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Confidentiality under siege

By James O. Heiting
President, State Bar of California

James O. Heiting
Heiting

The attorney-client privilege and confidentiality are being attacked on all sides. One can always justify, at least in one’s own mind, why an attorney, priest, doctor or other confidant would be required to disclose “in the public interest” information from those who confide in them, which information could be damning or incriminating.

But the corpus of attorney-client confidentiality was recently reduced by the passage of a law that permits an attorney to disclose threats of death or great bodily injury made by the client toward another. This, of course, creates potential conflicts in the attorney-client relationship and it is also tremendous exposure to liability for the attorney who fails to disclose a threat that is ultimately carried out. When we considered this issue at the board of governors a couple of years ago, I am sorry to report that mine was the only voice supporting the maintenance of confidentiality. Many of those who supported change then have since acknowledged the evolution of the issue and agree that confidentiality should be preserved.

We see the slippery slope beginning to form in earnest. We are currently facing proposed legislation to allow government attorneys to “sidestep confidentiality” and report what (they think) may involve harm to the public interest. The attorney need simply “reasonably believe” that something less than disclosure by breach of confidentiality would be “futile.”

The Supreme Court case of Upjohn Co. v. United States speaks to the attorney-client privilege and work product as related to corporate misconduct and a law firm’s internal investigation. The court points out that “the privilege exists to protect not only the giving of professional advice to those who can act on it but also the giving of information to the lawyer to enable him to give sound and informed advice.” If there were no protection of privilege, the employees would be discouraged from communicating, and that would “[threaten] to limit the valuable efforts of corporate counsel to insure their client’s compliance with the law.”

Even so, in 2003, then-Deputy Attorney General Larry Thompson issued a memorandum addressing “principles of federal prosecution of business organizations” in which he urged that one of the factors to be considered was the corporation’s willingness to waive the attorney-client privilege and work product protections to demonstrate cooperation. 

The evolution has continued with official writings such as the commentary to Sec. 8C2.5 of the Federal Sentencing Guidelines (November 2004), encouraging waiver of the attorney-client and work product protections to show “thorough cooperation” with the government and thereby qualify for more lenient sentencing.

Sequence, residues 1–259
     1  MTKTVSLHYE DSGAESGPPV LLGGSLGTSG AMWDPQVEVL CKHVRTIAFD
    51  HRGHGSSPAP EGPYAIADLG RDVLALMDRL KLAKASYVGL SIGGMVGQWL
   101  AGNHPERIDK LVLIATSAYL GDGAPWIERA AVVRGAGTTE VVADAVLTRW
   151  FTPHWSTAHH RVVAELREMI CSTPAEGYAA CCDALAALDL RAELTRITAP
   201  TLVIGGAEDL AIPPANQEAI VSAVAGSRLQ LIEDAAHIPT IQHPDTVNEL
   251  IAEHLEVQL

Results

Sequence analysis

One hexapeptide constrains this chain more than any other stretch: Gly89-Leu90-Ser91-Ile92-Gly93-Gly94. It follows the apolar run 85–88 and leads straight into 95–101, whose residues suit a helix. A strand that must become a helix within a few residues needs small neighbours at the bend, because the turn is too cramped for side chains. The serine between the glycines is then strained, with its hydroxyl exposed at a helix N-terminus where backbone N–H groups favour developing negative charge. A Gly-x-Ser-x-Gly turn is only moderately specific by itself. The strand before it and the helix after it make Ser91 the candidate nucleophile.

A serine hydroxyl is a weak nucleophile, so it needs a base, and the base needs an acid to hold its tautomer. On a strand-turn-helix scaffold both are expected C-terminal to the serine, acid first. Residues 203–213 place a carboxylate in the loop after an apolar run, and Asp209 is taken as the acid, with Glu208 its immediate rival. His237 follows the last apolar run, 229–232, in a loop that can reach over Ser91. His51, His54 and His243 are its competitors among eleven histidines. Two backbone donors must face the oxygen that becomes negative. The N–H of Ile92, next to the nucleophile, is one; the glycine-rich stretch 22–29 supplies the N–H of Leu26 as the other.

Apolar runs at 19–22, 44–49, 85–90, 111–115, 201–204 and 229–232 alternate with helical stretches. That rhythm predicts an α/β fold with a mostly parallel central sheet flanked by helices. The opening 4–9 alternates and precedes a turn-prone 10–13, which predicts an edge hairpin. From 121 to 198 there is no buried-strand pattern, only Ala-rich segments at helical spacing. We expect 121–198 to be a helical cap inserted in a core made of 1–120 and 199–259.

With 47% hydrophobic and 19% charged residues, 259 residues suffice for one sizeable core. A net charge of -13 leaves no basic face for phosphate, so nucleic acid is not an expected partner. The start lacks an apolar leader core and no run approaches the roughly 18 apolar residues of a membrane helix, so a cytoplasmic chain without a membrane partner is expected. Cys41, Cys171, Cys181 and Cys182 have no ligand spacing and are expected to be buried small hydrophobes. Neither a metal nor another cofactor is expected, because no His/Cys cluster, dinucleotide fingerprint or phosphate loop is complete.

If we go down this road, expect to see the erosion of our relationships, with not just those in government, but with an infinite number of litigants, clients, and potential clients as we put their confidences at risk. Investigation, impressions, opinions, preparation and conclusions will be exposed. The threat of disclosure could become a means of manipulation of clients by attorneys.

Are we soon to be expected to be the judges and juries of our own clients, reporting to authorities what we think might evidence wrongdoing? Is violation of confidentiality becoming something to honor rather than condemn? When did our oath to maintain confidentiality take second place to an individual’s decision that they didn’t like what their client was doing? 

The standards are higher, more personal. They involve the attorney-client relationship, the role of an attorney as a professional and the oath to hold the confidences of the client inviolate. Should the client stray from the moral and legal standards in place and by which the attorney lives his/her life, the attorney need only terminate that relationship, not continue on while compiling personal frustration (and, on the side, information and evidence of perceived wrongdoing). The right approach: leave the relationship at the earliest time it becomes evident that your advice, standards and ethics cannot be maintained.

In order for us to give the best advice, in order for the client to understand that we are giving advice based on full and complete information, and in order that the client can trust us and trust in us, the relationship between attorney and client, including complete confidentiality, must be maintained.

Attorney-client privilege and confidentiality are the foundations of trust and confidence in counsel historically and rightfully recognized as fundamental. Ultimately, the public, and clients, are best served by their preservation. Please join me in this stand.

On a separate topic, I take this opportunity to acknowledge two giants who dedicated their lives as servants of lawyers and the public: Jim Pfeiffer, who served as executive director of the State Bar Foundation and was the force behind many of its programs, scholarships and grants; and J. William “Bill” Beard, former state senator and retired San Diego Superior Court judge, one of the original founding members of The Other Bar. Both recently passed on. They made a real difference.

Let’s go out and do some good.

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